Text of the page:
While ITIL is the gold standard in our opinion, other frameworks do exist:
- BiSL – A framework used for information management
- COBIT – A framework for the governance and management of enterprise IT
- ISO/IEC 20000 – A service management system standard from the International Organization for Standardization (ISO)
- MOF – the Microsoft Operations Framework
- Six Sigma – a methodology with tools and techniques for process improvement
- TOGAF – an enterprise architecture methodology and framework
- USMBOK – a series of publications and references for professionals working in service provider organizations
Organizations commonly mix-and-match frameworks. Towards that end, AXELOS, the company responsible for ITIL, offers a number of white papers that describe how to use ITIL in conjunction with other frameworks:
- ISO/IEC 20000: ITIL V3 and ISO/IEC 20000
- MOF: Cross-Reference ITIL V3 and MOF 4.0
- Six Sigma: Integrating Six Sigma and ITIL for continual service improvement
- TOGAF: TOGAF 9 and ITIL V3 Two Frameworks Whitepaper
- COBIT COBIT 5: Enabling Processes (For a lighter intro, try Joe the IT Guy’s An Introduction to COBIT blog post).
Note: As if this weren’t confusing enough, IT advisory and research firm Gartner has its own term: IT service support management (ITSSM). Don’t stress about the differences.
The Top ITIL Processes
ITIL 2011 has 26 ITSM processes split across the five ITIL areas (and books). Some are adopted more widely than others. The three most popular are:
- Incident management – circa 100% adoption
- Change management – circa 75%
- Problem management – circa 60%
Take a deep breath, have a stretch, and re-caffeinate. It’s time to meet the lingo.
The Most Popular ITSM and ITIL Processes Defined
The ITIL 2011 Glossary of Terms has formal definitions of every process. We’re not going to bore you with the full spiel on each. Below, we’ve listed what we consider the most important terms with links where you can find more information about each one:
- Service Desk: The point of contact that manages incidents and requests
- Incident Management: Restoring IT service after an unplanned interruption (a.k.a. “ticketing”)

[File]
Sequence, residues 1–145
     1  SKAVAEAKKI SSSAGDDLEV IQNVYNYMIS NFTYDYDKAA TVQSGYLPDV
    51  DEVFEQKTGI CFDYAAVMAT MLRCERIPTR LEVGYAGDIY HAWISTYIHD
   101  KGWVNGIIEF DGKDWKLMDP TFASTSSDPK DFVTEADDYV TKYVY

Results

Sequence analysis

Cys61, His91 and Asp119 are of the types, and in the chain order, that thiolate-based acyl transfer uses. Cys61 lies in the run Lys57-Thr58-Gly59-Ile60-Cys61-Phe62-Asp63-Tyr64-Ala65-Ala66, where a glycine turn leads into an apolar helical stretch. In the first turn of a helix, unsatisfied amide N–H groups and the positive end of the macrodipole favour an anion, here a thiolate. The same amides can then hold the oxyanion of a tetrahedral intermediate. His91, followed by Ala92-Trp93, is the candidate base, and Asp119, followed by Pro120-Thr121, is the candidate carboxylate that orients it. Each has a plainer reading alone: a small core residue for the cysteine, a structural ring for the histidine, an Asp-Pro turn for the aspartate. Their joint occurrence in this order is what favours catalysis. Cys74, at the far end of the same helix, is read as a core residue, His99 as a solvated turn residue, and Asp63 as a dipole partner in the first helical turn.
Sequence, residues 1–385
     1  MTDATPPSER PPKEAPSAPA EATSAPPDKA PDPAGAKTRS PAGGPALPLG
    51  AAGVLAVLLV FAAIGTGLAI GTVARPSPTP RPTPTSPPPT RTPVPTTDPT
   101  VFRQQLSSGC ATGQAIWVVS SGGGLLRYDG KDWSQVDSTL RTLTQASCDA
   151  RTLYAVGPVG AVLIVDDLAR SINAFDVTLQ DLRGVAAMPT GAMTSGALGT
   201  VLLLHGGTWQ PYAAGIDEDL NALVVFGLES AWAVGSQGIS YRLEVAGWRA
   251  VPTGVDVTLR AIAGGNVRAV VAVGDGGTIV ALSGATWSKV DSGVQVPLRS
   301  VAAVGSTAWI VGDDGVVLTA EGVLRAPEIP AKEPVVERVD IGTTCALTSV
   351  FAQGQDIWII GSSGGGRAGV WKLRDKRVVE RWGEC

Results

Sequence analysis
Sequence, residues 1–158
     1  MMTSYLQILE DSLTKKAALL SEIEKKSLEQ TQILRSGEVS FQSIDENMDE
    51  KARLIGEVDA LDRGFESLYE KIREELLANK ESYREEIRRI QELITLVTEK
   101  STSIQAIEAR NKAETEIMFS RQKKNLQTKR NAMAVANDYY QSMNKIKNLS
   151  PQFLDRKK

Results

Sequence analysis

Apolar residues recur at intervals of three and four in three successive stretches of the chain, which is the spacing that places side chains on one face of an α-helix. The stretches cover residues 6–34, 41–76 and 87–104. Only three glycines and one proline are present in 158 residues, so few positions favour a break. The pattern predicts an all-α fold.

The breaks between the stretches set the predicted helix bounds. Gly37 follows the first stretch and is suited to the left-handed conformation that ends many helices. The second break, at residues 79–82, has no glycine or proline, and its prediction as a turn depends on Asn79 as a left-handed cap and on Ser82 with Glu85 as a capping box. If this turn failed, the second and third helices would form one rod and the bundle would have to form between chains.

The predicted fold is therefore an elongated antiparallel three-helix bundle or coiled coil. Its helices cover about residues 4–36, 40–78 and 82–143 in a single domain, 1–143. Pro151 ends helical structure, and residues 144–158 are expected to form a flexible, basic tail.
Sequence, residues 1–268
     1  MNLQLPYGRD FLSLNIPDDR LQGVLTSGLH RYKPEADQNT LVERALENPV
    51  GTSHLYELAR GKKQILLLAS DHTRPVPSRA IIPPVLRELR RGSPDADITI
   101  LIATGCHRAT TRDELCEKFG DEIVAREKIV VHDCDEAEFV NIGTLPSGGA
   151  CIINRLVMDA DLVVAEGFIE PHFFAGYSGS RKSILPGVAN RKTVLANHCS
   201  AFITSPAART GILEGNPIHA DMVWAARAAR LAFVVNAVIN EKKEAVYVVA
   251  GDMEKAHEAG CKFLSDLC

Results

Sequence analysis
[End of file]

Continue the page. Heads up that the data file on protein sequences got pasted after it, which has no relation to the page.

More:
- Request Fulfillment: Providing new software or hardware or access to network resources
- Change Management: Modifying infrastructure and applications in a controlled way with minimum disruption to users
- Problem Management: Preventing incidents and/or minimizing their impact (a problem = a group of incidents)
- Service Catalog Management: Providing a ‘menu’ of IT services or self-service portals
- Service Asset and Configuration Management: Controlling, monitoring, and documenting the configuration of assets that deliver services (e.g. company laptops)
- Knowledge Management: Sharing ideas, experiences, and info to support good decision-making and prevent time-wasting searches
- Service Level Management: Negotiating and meeting the agreed upon service level agreements, known as “SLAs” (e.g. ticket response and resolution times)
Differentiating Between IT Help Desk and Service Desk
Similar to the potential confusion between ITSM and ITIL, two other ITSM terms can mean different things to different people: “IT help desk” and “service desk.”
The term “IT help desk” dates to the 1980s and refers to the people that employees should contact for IT support or information. ITIL literature never mentions the IT help desk. The “service desk” is ITIL’s service-oriented term for roughly the same thing.
These days, corporate IT organizations tend to use “service desk” over “help desk.” Their end users, however, might call it the help desk anyway – hence, the confusion. (2012 HDI Practices and Salary Report, available to HDI members, has quantified usage of each term.)
If you would like to read more on this, Joe the IT Guy has written more on the distinction between the two terms in his Are You An IT Help Desk Or An IT Service Desk? blog.
The Bottom Line on ITSM
This guide has illustrated that ITSM is a wide-ranging craft that can benefit your IT organization and company. Simply put:
- ITSM increases the speed, cost-efficiency, and effectiveness of IT service
- ITSM reduces IT incidents and prevents them from happening in the first place
- By ensuring IT is available and performing, ITSM enables employees to be productive
- When business must evolve, ITSM modernizes technology without disrupting work.
- ITSM reduces risk by enforcing compliance with regulations
A powerful but less concrete benefit of ITSM is how it changes the relationship between IT and the business. Too often, IT’s raison d'être is doing damage control when things inevitably malfunction. With ITSM, the IT group becomes more of an internal service provider and consultant. It learns what the business seeks to achieve and strives to introduce technology that can bring those goals to fruition.
We threw a lot of ITSM terminology at you. As long as you remember that ITSM is the art of making a business run, you got the main takeaway.
If you read through to this point, kudos! You saved yourself from a long misadventure in the web’s labyrinth of IT jargon. Don’t be shy – get in touch if you have more questions about ITSM.